they were not on the same page
on how to achieve economic
growth and takeNigeria out of
recession. In their many voices,
Mrs. Adeosun had suggested
that the CBN cut the 14 per cent
interest rate by banks, as a way of
supporting government’s plan to
ensure borrowing of cheap funds
locally, while the CBN Monetary
Policy Committee (MPC)
announced the retention of the
rates, which did set the lending
rate at 14 per cent. Defending the
CBN’s position at that time, CBN
Governor, Godwin Emefiele,
said it was in order to maintain
its primary objective of price
stability.
Pray, why would two
institutions of government
express opposing views in
public when they ought to be
speaking with one voice and for
government? I suspect that this
is so because those in the current
government do not draw a line
between when they are speaking
for themselves and when talk for
government. What happens is
that these people express their
personal views as if these are the
position of government. In doing
so, there are conflicting views,
depending on how many people
that contribute.
We witnessed the flexing of
muscle, as it were, between the
Nigerian Customs Services and
the CBN once, when the apex
bank said it would no longer
allocate foreign exchange to
people importing rice, with
the view to discouraging rice
importation and conserving
foreign exchange, but
Comptroller General of Customs,
Hammed Ali, declared that the
borders should be opened for
rice to come in, as, according
to him, the Customs was losing
revenue from duties at that time.
Today, the same Ali has ordered
the Customs to impound rice
coming through land borders
and those at shops. Indeed, we
have witnessed the Customs
saying it would commence
vehicle inspection policy, aimed
at ensuring that old vehicles
whose duties were short-paid
pay the balance, while the Senate
said the implementation should
wait until Ali appears before it,
with the Customs countering
and insisting that there was no
going back.
To be sure, nobody missed
the drama that played out
when President Buhari, while
commenting on the expression
of frustration by his wife, Aisha,
who had complained about
happenings in government and
subtly insinuated that there was
a cabal in government, stated
that his wife belonged to the
kitchen and “the other room.”
Senior Special Adviser on Media
and Publicity to the President,
Mallam Garba Shehu, had said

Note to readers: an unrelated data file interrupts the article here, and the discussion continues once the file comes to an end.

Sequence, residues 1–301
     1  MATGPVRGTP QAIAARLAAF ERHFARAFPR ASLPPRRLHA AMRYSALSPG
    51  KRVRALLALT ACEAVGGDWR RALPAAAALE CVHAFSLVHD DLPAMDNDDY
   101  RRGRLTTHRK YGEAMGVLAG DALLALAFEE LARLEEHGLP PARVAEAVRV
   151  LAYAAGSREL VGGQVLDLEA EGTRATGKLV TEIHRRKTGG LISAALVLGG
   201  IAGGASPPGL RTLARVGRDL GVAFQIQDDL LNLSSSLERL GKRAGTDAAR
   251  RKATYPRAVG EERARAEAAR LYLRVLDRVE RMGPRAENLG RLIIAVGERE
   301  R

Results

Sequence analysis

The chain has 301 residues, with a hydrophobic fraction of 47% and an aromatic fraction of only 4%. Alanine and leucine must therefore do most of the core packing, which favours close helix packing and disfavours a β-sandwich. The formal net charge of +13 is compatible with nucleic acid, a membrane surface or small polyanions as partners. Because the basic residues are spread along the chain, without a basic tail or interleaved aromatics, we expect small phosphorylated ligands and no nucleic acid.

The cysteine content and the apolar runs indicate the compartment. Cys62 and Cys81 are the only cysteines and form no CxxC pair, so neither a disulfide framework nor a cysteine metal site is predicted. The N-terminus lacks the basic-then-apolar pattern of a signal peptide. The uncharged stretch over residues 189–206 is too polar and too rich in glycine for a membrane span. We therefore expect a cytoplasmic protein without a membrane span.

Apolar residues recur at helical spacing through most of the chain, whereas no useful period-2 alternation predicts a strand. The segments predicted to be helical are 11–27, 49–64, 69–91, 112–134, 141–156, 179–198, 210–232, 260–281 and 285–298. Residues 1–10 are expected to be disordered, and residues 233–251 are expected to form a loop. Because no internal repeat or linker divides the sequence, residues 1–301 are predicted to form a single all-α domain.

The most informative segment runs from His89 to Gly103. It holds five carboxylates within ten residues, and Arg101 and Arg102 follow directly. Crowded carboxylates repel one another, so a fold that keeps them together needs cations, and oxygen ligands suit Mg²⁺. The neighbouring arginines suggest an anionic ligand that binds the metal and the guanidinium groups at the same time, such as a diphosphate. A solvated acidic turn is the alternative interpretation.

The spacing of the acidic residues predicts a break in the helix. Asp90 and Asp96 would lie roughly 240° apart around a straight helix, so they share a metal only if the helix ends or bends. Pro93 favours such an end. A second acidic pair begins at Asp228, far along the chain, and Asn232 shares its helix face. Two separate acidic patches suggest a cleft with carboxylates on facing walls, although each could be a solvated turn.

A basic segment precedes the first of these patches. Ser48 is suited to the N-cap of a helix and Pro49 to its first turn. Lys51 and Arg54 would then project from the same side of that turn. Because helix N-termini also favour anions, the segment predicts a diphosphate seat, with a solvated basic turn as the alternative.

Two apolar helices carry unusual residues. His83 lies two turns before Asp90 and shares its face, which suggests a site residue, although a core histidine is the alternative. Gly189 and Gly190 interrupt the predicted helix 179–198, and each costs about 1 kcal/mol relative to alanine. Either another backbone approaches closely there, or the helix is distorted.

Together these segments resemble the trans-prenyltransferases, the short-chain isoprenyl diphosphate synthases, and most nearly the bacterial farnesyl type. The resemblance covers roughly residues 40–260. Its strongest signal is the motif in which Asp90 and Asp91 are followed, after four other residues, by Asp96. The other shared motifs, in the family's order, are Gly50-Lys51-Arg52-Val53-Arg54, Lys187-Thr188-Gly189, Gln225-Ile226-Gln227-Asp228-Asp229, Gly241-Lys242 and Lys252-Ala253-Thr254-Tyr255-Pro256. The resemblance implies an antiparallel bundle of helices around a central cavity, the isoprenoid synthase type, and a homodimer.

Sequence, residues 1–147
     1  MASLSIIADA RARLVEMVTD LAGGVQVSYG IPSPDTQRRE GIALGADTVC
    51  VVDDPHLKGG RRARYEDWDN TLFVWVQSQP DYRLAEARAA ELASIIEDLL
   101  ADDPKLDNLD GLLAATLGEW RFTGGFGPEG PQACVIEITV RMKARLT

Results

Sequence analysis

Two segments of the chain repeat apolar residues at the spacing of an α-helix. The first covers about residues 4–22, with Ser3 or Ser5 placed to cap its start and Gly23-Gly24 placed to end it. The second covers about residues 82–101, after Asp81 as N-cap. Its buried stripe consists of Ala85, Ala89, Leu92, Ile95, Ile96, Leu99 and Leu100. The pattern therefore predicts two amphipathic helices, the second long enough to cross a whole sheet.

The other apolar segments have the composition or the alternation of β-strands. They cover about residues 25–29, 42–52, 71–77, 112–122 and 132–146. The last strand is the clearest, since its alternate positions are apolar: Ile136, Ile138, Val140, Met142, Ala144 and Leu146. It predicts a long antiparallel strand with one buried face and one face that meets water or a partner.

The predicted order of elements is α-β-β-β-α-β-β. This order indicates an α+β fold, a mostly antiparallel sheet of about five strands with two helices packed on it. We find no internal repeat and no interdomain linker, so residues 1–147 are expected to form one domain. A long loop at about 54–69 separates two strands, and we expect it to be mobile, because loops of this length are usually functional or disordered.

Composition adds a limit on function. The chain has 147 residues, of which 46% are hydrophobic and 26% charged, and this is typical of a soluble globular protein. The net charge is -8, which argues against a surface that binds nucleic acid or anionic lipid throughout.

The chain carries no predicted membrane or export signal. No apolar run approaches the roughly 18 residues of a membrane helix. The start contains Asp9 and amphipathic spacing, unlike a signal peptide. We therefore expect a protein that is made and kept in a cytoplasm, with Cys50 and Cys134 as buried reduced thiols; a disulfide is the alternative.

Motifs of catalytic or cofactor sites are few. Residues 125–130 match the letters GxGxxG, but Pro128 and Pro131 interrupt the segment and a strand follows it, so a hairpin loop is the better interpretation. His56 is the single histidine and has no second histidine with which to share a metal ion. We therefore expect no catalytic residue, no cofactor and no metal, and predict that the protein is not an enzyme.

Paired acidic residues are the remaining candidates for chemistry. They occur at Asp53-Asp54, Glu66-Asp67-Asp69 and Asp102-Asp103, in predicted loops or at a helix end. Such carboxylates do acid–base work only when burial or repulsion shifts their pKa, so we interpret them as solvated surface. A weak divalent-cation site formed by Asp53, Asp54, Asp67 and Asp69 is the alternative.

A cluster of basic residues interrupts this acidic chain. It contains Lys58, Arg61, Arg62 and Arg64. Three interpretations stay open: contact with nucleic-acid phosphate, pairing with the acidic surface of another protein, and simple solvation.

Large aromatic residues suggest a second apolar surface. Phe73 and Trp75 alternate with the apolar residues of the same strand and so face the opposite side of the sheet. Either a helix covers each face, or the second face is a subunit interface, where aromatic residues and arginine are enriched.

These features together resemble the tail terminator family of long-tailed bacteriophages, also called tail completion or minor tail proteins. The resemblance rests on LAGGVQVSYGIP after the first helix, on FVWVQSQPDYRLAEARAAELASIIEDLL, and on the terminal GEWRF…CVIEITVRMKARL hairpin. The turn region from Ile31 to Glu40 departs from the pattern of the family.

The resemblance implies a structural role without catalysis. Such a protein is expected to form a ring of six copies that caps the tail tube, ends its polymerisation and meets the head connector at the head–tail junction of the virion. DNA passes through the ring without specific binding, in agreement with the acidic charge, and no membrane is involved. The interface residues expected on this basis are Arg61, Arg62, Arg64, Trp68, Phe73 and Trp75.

President Buhari was making
a joke. President Buhari had
countered his aide immediately
by saying he meant what he said
and, therefore, Aisha’s place
belonged to the kitchen and “the
other room.”
There appears to be a
competition, on talking,
among officials of the Buhari
government. Those in
government want to talk on any
issue, even when not competent
to so do, perhaps, in the belief

government or the more they
remain in the consciousness of
the ruled. And in talking, most
times, they play to the gallery.
They do not even talk about
their spheres of assignment,
but generally playing politics.
For instance, instead of
Minister of Transportation,
Chibuike Amaechi, talking
about the road and rail
transport, he tells Nigerians
that the All Progressives
Congress (APC) did not
promise to fix Nigeria in one
year and that former President
Goodluck Jonathan should be
held responsible for the mess
in the country. Instead of Lai
Mohammed talking about
efforts government is making
in fixing the economy, he will
tell you that corruption in the
past government brought the
country to the present situation.
Instead of Hammed Ali,
talking about how the Customs
will tighten the borders to
ensure that smugglers do
not have a field day, he tells
you that the government will
boast its revenue by ensuring
excise duties of yesterday are
recovered today.
What we have of the Buhari
regime is one government,
many voices. In the
government, everybody is in
charge and can say anything.
In the government, everybody
is king in his own kingdom and
fiefdom. In the government,
everybody is Lord of the
manor. In the government,
everybody talks at the same
time and nobody listens. In
the government, there is no
synchrony whatsoever. What
we have are discordant tunes,
just like in the Tower of Babel.
What a government